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Canadiens’ Romanov learns lesson vs. Flames in quest for bigger role


There’s two ways of looking at this first opportunity Alexander Romanov had to stake his claim as a viable partner for Shea Weber in Ben Chiarot’s absence.

First, it would be foolish to judge the 21-year-old on just this one performance, but especially with it taking place less than 24 hours after he and his Montreal Canadiens teammates throttled the Vancouver Canucks, and only 13 hours after they closed the doors to their hotel rooms and unpacked their bags in Calgary. Thursday’s game was all but guaranteed to be a slog against a Flames team that was off since Sunday—a Flames team desperate to reverse a skid and win for new/old coach Darryl Sutter in his first game back behind their bench—and it proved to be one from the second the puck dropped to the second Jacob Markstrom lifted his arms from his crease and awaited the celebratory head bumps from his teammates.

“It wasn’t a particularly strong game for anyone tonight,” Canadiens coach Dominique Ducharme said after his team lost 2-1 and generated just 18 shots on net, and he was understating of it.

But something else the coach said gave us the second way to look at Romanov’s performance, a perfect lens through which to look at the young Russian’s part in the loss. Because when Ducharme was asked if this was a throwaway given the circumstances of playing back-to-back against such a rested and motivated opponent, he responded, “There’s always something to take from it,” and that applied to Romanov more than anyone else in Montreal’s lineup.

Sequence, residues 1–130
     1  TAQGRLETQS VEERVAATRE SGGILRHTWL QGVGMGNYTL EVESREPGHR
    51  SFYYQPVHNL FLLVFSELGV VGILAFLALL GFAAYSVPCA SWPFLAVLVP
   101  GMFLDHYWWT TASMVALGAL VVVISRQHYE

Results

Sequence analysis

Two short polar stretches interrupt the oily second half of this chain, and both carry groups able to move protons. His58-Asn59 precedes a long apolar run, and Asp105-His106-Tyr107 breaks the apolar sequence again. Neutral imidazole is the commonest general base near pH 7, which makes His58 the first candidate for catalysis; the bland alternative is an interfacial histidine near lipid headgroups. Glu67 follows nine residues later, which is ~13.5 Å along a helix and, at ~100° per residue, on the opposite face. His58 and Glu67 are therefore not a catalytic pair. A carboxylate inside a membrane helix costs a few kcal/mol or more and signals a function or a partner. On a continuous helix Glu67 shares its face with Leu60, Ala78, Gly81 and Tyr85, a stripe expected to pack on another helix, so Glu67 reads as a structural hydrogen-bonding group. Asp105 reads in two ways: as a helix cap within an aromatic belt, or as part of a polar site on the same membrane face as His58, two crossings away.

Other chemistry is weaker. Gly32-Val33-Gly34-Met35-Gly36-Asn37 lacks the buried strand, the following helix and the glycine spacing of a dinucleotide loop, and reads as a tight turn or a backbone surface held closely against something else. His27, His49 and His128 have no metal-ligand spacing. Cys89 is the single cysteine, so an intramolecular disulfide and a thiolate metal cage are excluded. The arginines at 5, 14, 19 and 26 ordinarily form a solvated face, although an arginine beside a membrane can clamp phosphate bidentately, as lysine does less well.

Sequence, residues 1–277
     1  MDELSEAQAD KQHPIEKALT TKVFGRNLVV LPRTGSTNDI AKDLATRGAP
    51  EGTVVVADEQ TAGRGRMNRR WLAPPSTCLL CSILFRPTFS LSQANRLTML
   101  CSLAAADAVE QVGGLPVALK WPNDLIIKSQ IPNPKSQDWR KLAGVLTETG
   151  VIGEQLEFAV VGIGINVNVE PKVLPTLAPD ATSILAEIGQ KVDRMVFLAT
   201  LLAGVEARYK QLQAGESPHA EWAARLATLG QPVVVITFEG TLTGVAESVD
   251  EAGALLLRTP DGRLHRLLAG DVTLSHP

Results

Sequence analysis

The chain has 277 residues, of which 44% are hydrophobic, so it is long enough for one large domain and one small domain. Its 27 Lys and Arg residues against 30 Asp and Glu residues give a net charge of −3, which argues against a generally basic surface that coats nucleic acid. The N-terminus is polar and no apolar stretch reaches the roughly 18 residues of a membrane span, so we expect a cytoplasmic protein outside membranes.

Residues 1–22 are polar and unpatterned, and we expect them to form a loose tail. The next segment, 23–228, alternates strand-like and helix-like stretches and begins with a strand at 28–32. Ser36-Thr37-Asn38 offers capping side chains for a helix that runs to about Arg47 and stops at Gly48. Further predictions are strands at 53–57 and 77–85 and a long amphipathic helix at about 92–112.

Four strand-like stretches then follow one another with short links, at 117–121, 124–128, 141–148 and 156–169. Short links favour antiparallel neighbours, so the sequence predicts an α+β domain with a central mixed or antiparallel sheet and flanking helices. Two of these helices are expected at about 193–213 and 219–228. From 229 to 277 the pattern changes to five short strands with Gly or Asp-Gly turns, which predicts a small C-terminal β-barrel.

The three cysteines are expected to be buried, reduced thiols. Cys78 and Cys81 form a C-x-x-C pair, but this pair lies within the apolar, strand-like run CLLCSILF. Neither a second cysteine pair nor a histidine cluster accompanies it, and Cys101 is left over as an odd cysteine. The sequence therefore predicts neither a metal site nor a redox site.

The 17 minutes and change Romanov played offered him a lesson that will only reinforce the message that’s been given to him all season—that his talent and energy can take him as far as he wants it to, but it will shine through most when he plays the game as simply as possible. He’s a receptive kid, but the words don’t serve it up quite like the experience does.

Take it from Jake Allen, Montreal’s backup goaltender who came in fresh off the bench and did exactly what the Canadiens needed him to do.

The 30-year-old, leaning on nearly 300 games of NHL regular-season experience, was prepared.

“As a goalie, my objective tonight was to come in and get as many whistles as possible,” he said after making 27 saves and giving the Canadiens a chance to win a game they didn’t deserve. “That was my No. 1 goal for the team. And I thought I did a pretty good job of that in the second period. It’s just to slow the game down. I think that’s the experience you go through. Our young guys will understand that it’s puck management, taking whistles when you need to, maybe taking an icing if you have to, just find ways to simplify the game and make it easier on yourself and to let your body do its work.”

It would be understandable if this big opportunity clouded Romanov in that process. Maybe he had all the intentions of playing as Allen suggested to begin with, but this was his first chance to move from the third pair to the first pair and prove he’s worthy of sticking there, to prove to Ducharme he was ready for it after the coach had said several times over the past two weeks that he didn’t wish to expose the player too much in his first season.